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Site created 12/15/97.

review added: 1/13/04

Wild Zero
2000 (2003) - Synapse Films

review by Todd Doogan of The Digital Bits

Wild Zero Film Rating: C+

Disc Ratings (Video/Audio/Extras): A/B+/B

Specs and Features
98 mins, NR, letterboxed widescreen (1.85:1), single-sided, RSDL dual-layered (layer switch at ?), keep case packaging, theatrical trailer, Guitar Wolf filmography and discography, Drinking Game, "behind-the-scenes" music video, still gallery, Easter egg (interview), animated film-themed menu screens, scene access (14 chapters), languages: Japanese (DD 2.0), subtitles: English

"Rock 'n Roll!"

Wild Zero, the newest release from Synapse, has to be the oddest DVD release of 2003/2004. It's fun, it's cool and it's zombie mayhem made real. Wild Zero, without a doubt (and like it or not), is a very fun flick. Most of that fun comes from the fact that it's little more than an extended music video for Guitar Wolf, the legendary Japanese rockabilly icons, who spend the entire film running around armed with the mystical power of Rock 'n Roll. It also has a creepy and slightly uncomfortable (even if it is morally uplifting) love story as its center, which keeps the uncontrollable grin locked on your face. Adding to all of that is a sinister villain who, clad in super-tight tennis shorts and a collection of awful Dutch Boy wigs, menaces Guitar Wolf from start to finish over the loss of his fingers and a Ben-wa ball. No... Wild Zero isn't high art, nor is it very good filmmaking, but it does have its charms. It's the type of film you either love, with all the fanboy passion you possess, or hate completely.

For those looking for a synopsis: Ace is a young rocker, and zealous fan of Guitar Wolf, who dreams of one day being a member. Armed with his mother's hair comb and his moped, Ace travels Japan's back roads following the band from gig to gig. At one such gig, Ace accidentally lands smack dab in the middle of a confrontation between the band and a twisted concert promoter (mentioned above) who helped Wolf get their big break. Once this stand-off is nipped down, Ace and Guitar Wolf, the band's leader (each band member is named after their instrument: Guitar Wolf, Drum Wolf and Bass Wolf) become blood brothers in Rock. Ace is given a special whistle to blow if he's ever in need. That need comes the next day, when, on the road to Guitar Wolf's next gig, Ace stops at a gas station and foils a robbery, thus meeting Tobio, a young girl at the station. After befriending the lass, Ace gets back on the road and bumps into a horde of the undead. Remembering his new friend, he heads back to the gas station to rescue Tobio from the zombie plague and locks himself in an abandoned building with her. When all looks dire, Ace blows his whistle and Wolf comes to the rescue... leading to an epic battle between the undead, UFOs, a hot arms dealer clad in a Burberry One-Piece and a very pissed off Buster Brown clone. And yes, I did say UFOs.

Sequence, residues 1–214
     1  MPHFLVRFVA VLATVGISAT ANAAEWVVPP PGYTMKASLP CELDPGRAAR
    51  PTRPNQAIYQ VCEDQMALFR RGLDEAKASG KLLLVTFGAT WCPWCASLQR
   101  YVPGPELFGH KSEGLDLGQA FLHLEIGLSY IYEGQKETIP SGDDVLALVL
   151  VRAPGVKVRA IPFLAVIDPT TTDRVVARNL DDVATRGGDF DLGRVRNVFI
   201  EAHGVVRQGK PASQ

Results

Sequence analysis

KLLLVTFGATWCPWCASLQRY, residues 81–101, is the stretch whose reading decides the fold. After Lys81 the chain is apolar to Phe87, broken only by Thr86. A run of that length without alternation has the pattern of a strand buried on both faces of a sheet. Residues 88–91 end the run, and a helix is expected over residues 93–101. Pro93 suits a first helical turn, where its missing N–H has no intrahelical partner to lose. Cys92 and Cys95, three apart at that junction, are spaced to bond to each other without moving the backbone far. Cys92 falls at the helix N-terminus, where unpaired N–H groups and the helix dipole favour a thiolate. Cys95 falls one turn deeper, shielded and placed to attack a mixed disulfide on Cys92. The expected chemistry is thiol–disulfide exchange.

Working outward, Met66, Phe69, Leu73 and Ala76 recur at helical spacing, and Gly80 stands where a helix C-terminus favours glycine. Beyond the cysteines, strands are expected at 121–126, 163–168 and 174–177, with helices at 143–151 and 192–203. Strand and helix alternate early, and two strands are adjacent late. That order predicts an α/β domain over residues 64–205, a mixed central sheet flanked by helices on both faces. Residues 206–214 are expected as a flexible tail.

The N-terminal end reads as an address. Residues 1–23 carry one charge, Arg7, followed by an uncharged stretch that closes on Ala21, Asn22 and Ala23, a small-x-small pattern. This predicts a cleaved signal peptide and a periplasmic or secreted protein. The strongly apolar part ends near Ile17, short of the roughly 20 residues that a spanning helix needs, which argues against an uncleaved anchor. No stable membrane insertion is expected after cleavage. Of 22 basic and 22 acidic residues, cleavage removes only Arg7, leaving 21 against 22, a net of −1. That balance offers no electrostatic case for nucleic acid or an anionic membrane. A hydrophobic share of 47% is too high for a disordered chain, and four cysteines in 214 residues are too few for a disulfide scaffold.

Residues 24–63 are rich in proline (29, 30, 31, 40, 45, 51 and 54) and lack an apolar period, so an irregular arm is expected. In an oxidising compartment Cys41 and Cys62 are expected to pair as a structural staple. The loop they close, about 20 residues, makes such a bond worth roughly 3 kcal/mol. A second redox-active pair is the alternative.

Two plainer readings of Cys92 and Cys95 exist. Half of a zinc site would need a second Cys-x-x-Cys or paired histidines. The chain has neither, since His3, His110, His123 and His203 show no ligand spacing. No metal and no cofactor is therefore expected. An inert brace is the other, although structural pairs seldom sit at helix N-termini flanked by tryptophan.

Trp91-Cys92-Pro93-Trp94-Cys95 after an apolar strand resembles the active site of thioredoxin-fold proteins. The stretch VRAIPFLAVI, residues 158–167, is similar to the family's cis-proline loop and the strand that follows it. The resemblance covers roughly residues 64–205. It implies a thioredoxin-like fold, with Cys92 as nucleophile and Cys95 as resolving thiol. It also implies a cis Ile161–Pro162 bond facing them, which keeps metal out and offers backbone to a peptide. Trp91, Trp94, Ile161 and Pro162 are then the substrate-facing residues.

You see, whether they knew it of not, Guitar Wolf and video director Tetsuro Takeuchi made an "alternate view" film to Plan 9 from Outer Space ("alternate" being a new genre of film - think Signs in relation to War of the Worlds). You all remember what Plan 9 was don't you? "The resurrection of the dead. Long distance electrodes shot into the pineal and pituitary gland of the recently dead." That's exactly what happens here - except we don't see any of the interaction with the aliens. Maybe somewhere back in the U.S., Tanna and Eros are busy calling Earthlings stupid for being so close to harnessing the power of Solaranite. Either way, Wild Zero and Plan 9 are two peas in a pod for more than that reason. It's an awful film, made better for being so very awful. Oh... the zombie make-up and CGI effects (for head explosions and missing body parts) are A+ work, by the way.

Wild Zero even makes for a fun DVD. The video quality is top notch, even if it's not an anamorphic transfer. This is most likely do to the source material for an anamorphic transfer not being available. Wild Zero was originally envisioned as a low budget music video that became a long form, which was aired on TV in Japan. The source is a very good-looking digital video with some "film effect" filters slapped on. It ends up being a very nice transfer, and plays well as a cheated widescreen presentation. The sound is a standard Dolby Digital stereo mix in Japanese, which serves the film just fine. The subtitles are very prominent and easily readable.

Extras include a stills gallery (which features art from the band and the film), a Guitar Wolf biography and discography, the theatrical trailer, a behind-the-scenes video cut to some music from the band, and a Easter egg (featuring a last minute interview with the band in NYC). Best of all is the Drinking Game. Synapse has the right idea with this film: treat it like Rocky Horror Picture Show and inject as much audience participation as you can. Just select the option, watch for the beer mug icon at the bottom of your screen and get loaded. But be sure to get a case of beer (and/or a big bottle of Jack), 'cause you're gonna need it. That icon pops up a lot.

Wild Zero features some great zombie effects, horrible acting, an explosive shower scene and forbidden love. It's not good, but that doesn't make it bad either. If it's a Synapse Asian Cult Cinema release, it's a must own as far as I'm concerned. Having Guitar Wolf throwing guitar picks like they were Chinese throwing stars... that just makes it more so.

Todd Doogan
[email protected]

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